There is a reason why modern day building codes regulate the pitch of stairs. A consistent rise and run matter when people attempt to go up and down stairs. When they are not consistent, even a gymnast might struggle to keep their footing when hustling up or down uneven stairs! The same is true of stairs that are too steep like the ones I encountered on El Torre! They are unsafe and have the potential to lead to a fall!

A fall in terms of your goals – a fail! Taking small, consistent, incremental steps towards your goals will ultimately get you results!

5. Don’t go it alone!

By the time I had only a quarter of the way to go; my husband had already made it to the top of the pyramid. Had we navigated the pyramid together, my chances of reaching the top would have increased. He did come back to rescue me and attempted to coax me to the top. Sadly, he was unsuccessful!

Reaching goals is tough! Unexpected and discouraging things creep up along the way. Having someone supporting you through the process, encouraging you, and urging you forward is powerful!

6. Celebrate the progress you did make!

Heights are really not my thing. They make me queasy! The fact that I nearly made it to the top is not so bad for someone who doesn’t enjoy heights! That’s worth celebrating. Just because I didn’t reach the goal doesn’t mean that I didn’t do something courageous! Be sure to acknowledge the progress you are able to make rather than dwelling on the fail.

7. Do overs count!

Let’s face it, failing to reach a goal stings. It causes negative beliefs to bubble up and changes the way I see future goals. It makes me abundantly aware of my weaknesses in ways that cause my strengths to shrink. It can be paralyzing!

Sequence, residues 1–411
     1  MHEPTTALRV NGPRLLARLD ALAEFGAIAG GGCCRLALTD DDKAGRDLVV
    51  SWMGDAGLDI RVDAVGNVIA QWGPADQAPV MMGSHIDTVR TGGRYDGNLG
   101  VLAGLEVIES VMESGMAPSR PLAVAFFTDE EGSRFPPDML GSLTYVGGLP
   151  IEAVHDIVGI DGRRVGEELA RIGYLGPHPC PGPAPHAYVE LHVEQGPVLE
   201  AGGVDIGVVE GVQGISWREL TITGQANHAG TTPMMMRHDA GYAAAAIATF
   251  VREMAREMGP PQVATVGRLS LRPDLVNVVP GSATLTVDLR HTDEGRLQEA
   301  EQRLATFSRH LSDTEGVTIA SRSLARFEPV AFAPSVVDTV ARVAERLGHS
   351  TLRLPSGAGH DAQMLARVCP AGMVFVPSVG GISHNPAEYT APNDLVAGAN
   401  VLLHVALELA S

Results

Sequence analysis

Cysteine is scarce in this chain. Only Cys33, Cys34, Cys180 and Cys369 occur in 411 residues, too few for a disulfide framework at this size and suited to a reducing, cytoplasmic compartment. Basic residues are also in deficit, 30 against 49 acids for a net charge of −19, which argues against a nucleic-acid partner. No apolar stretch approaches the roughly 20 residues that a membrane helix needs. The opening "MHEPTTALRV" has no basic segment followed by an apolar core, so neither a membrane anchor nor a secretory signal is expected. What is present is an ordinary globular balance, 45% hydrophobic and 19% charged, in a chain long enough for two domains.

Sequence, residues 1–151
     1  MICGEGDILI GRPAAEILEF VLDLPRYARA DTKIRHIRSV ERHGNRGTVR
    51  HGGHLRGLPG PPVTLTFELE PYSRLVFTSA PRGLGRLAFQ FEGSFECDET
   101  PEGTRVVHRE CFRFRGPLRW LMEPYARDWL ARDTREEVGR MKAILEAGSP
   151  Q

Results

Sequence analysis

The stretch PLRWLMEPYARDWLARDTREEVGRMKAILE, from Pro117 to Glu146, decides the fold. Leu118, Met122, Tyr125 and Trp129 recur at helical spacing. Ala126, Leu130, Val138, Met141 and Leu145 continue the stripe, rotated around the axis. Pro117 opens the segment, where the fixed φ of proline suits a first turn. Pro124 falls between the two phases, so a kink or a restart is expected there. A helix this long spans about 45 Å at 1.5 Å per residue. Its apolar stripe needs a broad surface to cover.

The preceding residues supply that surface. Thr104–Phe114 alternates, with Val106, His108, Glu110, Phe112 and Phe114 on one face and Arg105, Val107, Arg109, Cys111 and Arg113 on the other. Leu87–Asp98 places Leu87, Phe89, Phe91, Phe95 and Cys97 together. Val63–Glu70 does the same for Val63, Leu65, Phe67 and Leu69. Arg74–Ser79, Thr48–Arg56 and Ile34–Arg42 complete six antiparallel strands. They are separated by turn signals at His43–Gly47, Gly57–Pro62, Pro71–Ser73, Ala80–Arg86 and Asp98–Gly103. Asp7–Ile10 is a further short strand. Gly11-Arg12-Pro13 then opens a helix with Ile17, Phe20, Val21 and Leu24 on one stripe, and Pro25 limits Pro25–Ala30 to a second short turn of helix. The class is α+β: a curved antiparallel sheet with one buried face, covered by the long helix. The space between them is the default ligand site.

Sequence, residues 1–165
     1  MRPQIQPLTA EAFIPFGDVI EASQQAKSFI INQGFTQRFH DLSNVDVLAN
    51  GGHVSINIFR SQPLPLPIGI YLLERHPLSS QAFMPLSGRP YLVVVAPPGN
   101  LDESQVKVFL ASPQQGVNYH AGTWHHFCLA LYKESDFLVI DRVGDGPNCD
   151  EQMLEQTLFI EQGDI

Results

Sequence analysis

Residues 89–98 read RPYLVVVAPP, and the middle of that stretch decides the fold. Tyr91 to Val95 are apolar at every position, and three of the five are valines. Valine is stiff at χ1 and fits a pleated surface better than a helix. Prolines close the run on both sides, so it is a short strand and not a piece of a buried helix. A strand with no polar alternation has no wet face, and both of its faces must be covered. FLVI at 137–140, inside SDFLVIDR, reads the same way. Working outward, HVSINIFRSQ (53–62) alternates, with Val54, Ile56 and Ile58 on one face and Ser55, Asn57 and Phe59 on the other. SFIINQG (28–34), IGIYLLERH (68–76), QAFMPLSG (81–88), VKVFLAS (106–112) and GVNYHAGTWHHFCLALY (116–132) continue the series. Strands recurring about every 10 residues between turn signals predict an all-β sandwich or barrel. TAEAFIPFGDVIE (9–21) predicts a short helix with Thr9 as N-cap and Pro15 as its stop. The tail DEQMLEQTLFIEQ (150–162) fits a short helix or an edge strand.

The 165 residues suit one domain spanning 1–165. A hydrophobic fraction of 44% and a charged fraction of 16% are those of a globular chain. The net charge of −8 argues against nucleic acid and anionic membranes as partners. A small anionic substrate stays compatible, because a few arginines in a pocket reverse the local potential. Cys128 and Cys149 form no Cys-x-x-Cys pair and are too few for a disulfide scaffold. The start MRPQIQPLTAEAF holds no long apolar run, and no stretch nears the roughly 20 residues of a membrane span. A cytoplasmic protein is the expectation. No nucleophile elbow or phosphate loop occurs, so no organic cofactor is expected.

Failing to reach a goal can be temporary. I hope that someday I am able to visit Ek Balam again so that I can reach the top of El Torre. I want to put to use what I learned from my previous fail, and celebrate reaching the top; celebrate overcoming and growing and not giving up!

Baby, ready to head to Mexico again?

Failure should be our teacher, not our undertaker. Failure is delay, not defeat. It is a temporary detour, not a dead end. Failure is something we can avoid only by saying nothing, doing nothing, and being nothing. – Denis Waitley

What goal are you struggling to reach? How can you pursue this goal in a fresh way?

Marvae Eikanas

Marvae Eikanas

Marvae Eikanas is an author, entrepreneur, ICF certified coach, Career Direct Consultant, DISC consultant, and HBDI practitioner. She helps her coaching clients sharpen their skills, face their fears, eliminate funky mindsets, hone their habits, and cultivate clarity so they can THRIVE personally and professionally. Schedule a consultation with Marvae here.


  1. Avatar Dawn on February 16, 2016 at 1:29 pm

    I used to gravitate toward the biggest elephant and try to eat it all in one day… AND while eating that elephant I would gather a few more for the next day.

    These days I gravitate toward smaller elephants, but still gather a few more before finishing the first.

    Right now I am in the middle of many pachyderms – some of which I did not even ask for.

    My goal for the rest of this month is to manage ONE elephant at a time. The others will just have to wait till March!

    Your story has helped me to continue each project that I began and not abandon them, just stop looking at all of them and FOCUS on ONE till done.

    • Marvae Marvae on February 16, 2016 at 3:01 pm

      I can so relate Dawn! I too can dream up more elephants than I can eat. Learning to slow down and savor the elephants and keep at the right elephant, the ONE He has for you to eat, makes a big difference!